The Rusty Blackbird (Euphagus carolinus) is a migratory bird in North America. Its usual summer home is boreal forests from Alaska to New England and as far north as the treeline. In winter it migrates to to the southeastern United States. Researchers from Auburn University, Alabama and Archbold Biological Station, Avon Park, Florida examined past and present ranges for populations of the bird across the southern edge of its range comparing data from two periods, 1967-1977 and 1998-2008. Using a generalised linear model with a binomial distribution they tested the probability of extinctions for association with latitude. Time-series analysis and autoregressive moving average modelling, examined correlations between climatic variables and latitude. The result was that Rusty Blackbird populations had become locally extinct and the southern edge of their range had shifted northward by an average of 143km since 1966. Having confirmed that the birds had contracted north, a reason for the shift was put forward.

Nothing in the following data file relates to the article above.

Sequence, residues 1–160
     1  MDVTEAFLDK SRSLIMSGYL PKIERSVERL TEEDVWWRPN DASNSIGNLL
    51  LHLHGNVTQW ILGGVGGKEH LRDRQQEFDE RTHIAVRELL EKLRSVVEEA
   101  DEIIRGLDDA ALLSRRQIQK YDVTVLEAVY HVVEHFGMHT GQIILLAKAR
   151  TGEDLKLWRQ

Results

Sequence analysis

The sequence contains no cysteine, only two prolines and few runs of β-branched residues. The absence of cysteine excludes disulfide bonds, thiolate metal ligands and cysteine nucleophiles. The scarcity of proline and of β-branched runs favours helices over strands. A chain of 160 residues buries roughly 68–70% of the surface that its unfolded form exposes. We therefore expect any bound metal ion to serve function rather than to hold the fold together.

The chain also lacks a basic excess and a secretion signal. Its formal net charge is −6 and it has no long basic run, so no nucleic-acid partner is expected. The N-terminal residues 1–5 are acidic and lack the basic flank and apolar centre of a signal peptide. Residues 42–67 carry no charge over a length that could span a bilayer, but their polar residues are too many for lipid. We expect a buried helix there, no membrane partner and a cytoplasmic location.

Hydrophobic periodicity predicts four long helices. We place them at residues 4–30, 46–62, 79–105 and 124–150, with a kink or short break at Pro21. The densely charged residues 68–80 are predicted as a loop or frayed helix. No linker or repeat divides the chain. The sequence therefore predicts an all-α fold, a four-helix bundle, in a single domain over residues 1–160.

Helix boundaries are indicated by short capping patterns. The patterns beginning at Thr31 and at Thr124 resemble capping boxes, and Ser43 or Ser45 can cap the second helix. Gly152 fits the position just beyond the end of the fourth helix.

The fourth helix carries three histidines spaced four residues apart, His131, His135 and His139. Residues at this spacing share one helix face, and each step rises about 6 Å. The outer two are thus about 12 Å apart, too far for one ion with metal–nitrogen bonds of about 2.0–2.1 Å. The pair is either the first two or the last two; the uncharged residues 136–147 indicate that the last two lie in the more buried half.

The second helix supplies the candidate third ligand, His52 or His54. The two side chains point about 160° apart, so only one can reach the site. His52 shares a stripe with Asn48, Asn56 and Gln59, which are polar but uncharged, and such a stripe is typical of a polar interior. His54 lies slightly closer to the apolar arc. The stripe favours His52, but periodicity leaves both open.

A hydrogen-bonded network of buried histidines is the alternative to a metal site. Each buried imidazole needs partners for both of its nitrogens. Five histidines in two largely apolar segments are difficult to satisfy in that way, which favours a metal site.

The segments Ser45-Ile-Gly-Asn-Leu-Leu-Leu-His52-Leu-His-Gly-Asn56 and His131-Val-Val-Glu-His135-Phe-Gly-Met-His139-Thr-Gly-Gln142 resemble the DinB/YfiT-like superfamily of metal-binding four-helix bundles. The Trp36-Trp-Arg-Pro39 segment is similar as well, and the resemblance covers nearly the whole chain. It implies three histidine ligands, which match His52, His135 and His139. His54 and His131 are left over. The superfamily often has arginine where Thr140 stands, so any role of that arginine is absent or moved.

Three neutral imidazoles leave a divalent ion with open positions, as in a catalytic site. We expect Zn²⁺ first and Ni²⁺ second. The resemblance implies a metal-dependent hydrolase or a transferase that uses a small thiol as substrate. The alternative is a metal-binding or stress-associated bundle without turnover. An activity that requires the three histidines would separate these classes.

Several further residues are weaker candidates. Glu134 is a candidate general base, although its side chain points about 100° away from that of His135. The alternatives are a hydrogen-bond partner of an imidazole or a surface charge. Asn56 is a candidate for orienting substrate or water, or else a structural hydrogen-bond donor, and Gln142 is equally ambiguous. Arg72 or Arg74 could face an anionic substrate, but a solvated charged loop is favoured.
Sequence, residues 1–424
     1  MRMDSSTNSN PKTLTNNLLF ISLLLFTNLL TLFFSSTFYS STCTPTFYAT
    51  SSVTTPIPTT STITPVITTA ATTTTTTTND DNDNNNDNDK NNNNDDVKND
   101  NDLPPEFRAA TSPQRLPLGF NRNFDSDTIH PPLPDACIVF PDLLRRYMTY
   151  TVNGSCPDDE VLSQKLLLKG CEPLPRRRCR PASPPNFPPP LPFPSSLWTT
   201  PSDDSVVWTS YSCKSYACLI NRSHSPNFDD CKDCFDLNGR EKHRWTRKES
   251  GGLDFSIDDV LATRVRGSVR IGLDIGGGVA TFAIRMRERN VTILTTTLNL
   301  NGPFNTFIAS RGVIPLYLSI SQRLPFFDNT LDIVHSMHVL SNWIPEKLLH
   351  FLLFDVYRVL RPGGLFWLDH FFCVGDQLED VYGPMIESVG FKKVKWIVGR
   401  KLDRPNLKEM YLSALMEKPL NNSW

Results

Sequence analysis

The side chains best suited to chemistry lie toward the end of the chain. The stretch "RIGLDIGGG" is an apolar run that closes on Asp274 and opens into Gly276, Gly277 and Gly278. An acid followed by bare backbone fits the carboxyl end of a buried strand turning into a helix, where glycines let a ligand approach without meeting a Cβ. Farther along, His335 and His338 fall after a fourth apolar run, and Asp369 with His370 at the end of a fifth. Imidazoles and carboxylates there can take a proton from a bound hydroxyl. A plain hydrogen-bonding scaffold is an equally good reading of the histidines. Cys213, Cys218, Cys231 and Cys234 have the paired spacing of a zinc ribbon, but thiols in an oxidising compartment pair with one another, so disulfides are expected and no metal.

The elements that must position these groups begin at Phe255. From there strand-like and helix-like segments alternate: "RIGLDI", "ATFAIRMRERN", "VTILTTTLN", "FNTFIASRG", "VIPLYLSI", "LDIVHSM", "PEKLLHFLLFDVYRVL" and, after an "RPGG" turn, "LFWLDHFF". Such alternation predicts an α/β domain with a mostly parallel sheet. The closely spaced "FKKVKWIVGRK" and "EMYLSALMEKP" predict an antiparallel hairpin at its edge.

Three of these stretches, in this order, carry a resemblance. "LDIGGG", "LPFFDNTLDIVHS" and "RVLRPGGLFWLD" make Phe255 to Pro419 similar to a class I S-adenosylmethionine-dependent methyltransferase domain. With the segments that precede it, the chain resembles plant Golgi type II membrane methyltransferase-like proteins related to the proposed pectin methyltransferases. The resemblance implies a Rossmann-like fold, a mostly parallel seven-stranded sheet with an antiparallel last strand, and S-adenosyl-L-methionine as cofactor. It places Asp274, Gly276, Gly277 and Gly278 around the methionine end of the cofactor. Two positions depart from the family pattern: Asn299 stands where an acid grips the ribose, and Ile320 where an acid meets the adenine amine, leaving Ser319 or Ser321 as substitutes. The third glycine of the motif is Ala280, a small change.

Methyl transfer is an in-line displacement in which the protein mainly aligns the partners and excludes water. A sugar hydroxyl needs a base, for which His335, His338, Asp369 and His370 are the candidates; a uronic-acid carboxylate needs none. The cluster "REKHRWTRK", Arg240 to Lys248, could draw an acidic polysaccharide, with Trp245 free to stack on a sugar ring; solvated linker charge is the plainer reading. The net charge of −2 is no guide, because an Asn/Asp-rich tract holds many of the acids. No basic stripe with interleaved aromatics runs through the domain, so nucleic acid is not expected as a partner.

Studies by other scientists had found that changes in rainfall and temperature had affected moisture levels in bogs and boreal forest lakes in the areas where rusty blackbirds reside and breed. These changes impacted heavily on freshwater macroinvertebrates particularly dragonflies and damselflies, the main food items of rusty blackbirds. Along with shifts from macroinvertebrate dominated systems to zooplankton dominated systems, it is likely that changes in macroinverebrate phenology could be playing a part with temporal shifts in emergence being incompatable with breeding cycles of the rusty blackbirds. The authors acknowledge that while climate change might not be entirely to blame for the range contraction of rusty blackbirds, it is more than likely a major factor. The original article by McClure et al can be found here.